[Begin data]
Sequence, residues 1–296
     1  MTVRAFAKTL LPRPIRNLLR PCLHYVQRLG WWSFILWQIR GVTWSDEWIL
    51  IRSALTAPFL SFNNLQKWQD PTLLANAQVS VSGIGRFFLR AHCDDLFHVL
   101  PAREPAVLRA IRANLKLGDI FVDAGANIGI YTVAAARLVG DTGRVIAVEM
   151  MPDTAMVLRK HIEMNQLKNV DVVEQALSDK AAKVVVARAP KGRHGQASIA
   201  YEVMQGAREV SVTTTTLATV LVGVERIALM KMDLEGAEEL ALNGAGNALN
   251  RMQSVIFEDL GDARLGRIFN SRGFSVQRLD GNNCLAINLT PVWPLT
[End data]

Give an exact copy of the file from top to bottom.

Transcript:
Sequence, residues 1–296
     1  MTVRAFAKTL LPRPIRNLLR PCLHYVQRLG WWSFILWQIR GVTWSDEWIL
    51  IRSALTAPFL SFNNLQKWQD PTLLANAQVS VSGIGRFFLR AHCDDLFHVL
   101  PAREPAVLRA IRANLKLGDI FVDAGANIGI YTVAAARLVG DTGRVIAVEM
   151  MPDTAMVLRK HIEMNQLKNV DVVEQALSDK AAKVVVARAP KGRHGQASIA
   201  YEVMQGAREV SVTTTTLATV LVGVERIALM KMDLEGAEEL ALNGAGNALN
   251  RMQSVIFEDL GDARLGRIFN SRGFSVQRLD GNNCLAINLT PVWPLT